I was not prepared for Mike Birbiglia’s The New One.
TW Jen’s pregnancy has some high risk scary situations but, spoiler alert, the baby is OK because this story is about her first year on Earth…
I am a new mom. My son will be one year old in fifteen days and has spent 99% of his life in a pandemic. He has met approximately a dozen people all but three of which he met in the first three weeks of his life before the true impact of Covid was seen in America and things began to shut down. I knew reading a story and having a new baby would hit me in a particular way but Birbigilia’s story was particularly poignant to me for two reasons and I don’t think reading this further removed from the first, very weird, year of my son’s life would have made it any less of a gut punch.
1. Birbiglia is very honest that he did not want a child. He was very clear with his wife before they got married and her realization that she needed a child was a complete surprise to him. For me, I spent from 18 to 26 adamant that I would never want children and would happily be the childfree aunt that spoiled other people’s children. Luckily, when my feelings about having my own child began to change my husband and I were on the same page. Although one of us has moved to a new page of wanting a second baby and the other one of us has the uterus.
2. Once we decided we wanted to have a baby our journey to parenthood was, similar to Birbiglia’s, far from easy. For Birbiglia their conception issues could be resolved with a surgery that would either help get his wife pregnant nearly immediately or make his penis stop working. For me it was realizing that I had been living with undiagnosed PCOS and my road to motherhood was paved with numerous pharmaceuticals, shots and bloodwork. At one point Mike mentions that it was ironic how much he was putting into having a baby he didn’t really want which I completely agree with. The amount of effort I put into having my son was only possible because of how much I wanted him. I couldn’t imagine putting my body through what I put it through with only an ambivalence to the outcome.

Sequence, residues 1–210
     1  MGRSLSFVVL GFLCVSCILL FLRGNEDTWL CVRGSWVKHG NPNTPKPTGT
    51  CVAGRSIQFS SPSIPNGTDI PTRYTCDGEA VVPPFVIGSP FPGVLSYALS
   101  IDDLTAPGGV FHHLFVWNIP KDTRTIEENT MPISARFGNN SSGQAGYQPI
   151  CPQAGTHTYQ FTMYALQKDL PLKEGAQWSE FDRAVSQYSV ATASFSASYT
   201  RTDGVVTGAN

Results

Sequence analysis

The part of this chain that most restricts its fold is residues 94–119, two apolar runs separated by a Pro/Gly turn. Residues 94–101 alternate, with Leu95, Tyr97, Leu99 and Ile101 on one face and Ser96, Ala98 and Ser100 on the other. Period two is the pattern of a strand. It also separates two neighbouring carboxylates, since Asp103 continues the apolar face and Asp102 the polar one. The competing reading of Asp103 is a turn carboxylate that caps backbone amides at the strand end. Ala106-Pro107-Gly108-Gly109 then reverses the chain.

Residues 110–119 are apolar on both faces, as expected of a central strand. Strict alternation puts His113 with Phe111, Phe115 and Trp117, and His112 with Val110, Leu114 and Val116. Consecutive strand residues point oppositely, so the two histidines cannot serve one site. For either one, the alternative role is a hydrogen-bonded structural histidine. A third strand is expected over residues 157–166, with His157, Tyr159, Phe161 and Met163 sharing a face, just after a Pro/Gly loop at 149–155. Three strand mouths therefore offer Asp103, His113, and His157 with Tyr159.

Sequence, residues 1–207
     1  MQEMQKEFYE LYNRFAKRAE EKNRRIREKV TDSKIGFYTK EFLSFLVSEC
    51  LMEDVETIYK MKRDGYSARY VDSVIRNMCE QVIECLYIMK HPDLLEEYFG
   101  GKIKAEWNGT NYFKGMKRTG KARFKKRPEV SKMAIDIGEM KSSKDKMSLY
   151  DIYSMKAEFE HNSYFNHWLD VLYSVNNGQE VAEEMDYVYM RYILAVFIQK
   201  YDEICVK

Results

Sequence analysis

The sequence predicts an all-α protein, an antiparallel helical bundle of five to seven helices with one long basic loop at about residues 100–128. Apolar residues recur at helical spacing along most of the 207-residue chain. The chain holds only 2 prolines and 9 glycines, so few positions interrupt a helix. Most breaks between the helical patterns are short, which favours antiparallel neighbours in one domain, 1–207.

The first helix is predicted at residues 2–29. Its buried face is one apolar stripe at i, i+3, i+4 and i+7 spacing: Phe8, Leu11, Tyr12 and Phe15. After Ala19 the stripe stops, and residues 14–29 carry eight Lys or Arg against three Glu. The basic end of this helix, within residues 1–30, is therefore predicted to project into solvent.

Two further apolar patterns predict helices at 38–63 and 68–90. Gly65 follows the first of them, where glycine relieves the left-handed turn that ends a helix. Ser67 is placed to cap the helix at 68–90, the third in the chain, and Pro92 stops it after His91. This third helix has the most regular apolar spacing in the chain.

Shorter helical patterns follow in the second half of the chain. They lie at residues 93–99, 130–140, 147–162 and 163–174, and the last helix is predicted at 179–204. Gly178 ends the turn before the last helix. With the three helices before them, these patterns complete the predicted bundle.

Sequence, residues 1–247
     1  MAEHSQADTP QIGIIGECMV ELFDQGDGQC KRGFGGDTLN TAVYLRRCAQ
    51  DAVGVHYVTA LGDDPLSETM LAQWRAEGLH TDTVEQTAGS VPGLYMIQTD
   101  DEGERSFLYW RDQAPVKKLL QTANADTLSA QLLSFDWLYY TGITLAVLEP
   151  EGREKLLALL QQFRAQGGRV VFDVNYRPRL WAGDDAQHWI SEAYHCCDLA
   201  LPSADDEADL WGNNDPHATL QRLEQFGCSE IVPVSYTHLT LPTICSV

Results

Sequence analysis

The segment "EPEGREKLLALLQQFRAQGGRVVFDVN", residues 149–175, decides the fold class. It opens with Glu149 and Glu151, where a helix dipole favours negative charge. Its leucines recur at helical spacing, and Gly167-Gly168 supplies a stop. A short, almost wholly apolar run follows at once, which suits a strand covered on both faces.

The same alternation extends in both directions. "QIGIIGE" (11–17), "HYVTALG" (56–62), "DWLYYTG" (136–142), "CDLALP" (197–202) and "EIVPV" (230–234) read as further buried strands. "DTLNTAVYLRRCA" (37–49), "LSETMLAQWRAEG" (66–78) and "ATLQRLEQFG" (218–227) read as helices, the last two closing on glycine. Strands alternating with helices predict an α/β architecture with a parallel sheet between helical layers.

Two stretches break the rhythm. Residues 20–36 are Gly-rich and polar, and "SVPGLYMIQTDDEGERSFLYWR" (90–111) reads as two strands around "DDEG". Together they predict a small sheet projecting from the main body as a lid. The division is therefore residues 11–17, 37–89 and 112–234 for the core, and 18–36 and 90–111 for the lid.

I should state that is where our similarities end. Birbiglia is pretty honest that he is still a bit jealous of how much their daughter, Oona, changed their lives after his wife assured him she would not. His light hearted comedic style softens the blow that this is essentially a man writing about how he sometimes still finds himself put off by parenthood even though he does love his kid. But, while he loves his daughter it is really the love for his wife that comes through in this memoir. Oona is the product of his devotion to Jen and the acknowledgement that keeping her meant accommodating her request for a child.
Even if you can’t relate to parenthood, reluctant or not, this is a heartfelt memoir full of Birbiglia charm and he includes story about his relationship with Jen before they got married as well as being on the road, his sleepwalking disorder and other “typical memoir” things. It isn’t all babies and pregnancy. Just, mostly babies and pregnancy.
4.5 Stars rounding down because he named the kid Oona as a joke since she would be an only child